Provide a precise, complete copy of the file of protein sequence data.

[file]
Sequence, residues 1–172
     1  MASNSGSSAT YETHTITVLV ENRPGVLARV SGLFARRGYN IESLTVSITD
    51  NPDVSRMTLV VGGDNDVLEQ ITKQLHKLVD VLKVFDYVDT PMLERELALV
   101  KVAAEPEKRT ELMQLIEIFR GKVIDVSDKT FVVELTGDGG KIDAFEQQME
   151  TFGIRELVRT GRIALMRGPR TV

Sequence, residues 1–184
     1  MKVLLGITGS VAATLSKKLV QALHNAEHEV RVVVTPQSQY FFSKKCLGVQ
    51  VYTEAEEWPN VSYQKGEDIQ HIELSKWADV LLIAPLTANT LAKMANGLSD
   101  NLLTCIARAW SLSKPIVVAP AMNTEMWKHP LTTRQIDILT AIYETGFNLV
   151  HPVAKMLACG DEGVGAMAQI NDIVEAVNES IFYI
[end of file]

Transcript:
Sequence, residues 1–172
     1  MASNSGSSAT YETHTITVLV ENRPGVLARV SGLFARRGYN IESLTVSITD
    51  NPDVSRMTLV VGGDNDVLEQ ITKQLHKLVD VLKVFDYVDT PMLERELALV
   101  KVAAEPEKRT ELMQLIEIFR GKVIDVSDKT FVVELTGDGG KIDAFEQQME
   151  TFGIRELVRT GRIALMRGPR TV

Sequence, residues 1–184
     1  MKVLLGITGS VAATLSKKLV QALHNAEHEV RVVVTPQSQY FFSKKCLGVQ
    51  VYTEAEEWPN VSYQKGEDIQ HIELSKWADV LLIAPLTANT LAKMANGLSD
   101  NLLTCIARAW SLSKPIVVAP AMNTEMWKHP LTTRQIDILT AIYETGFNLV
   151  HPVAKMLACG DEGVGAMAQI NDIVEAVNES IFYI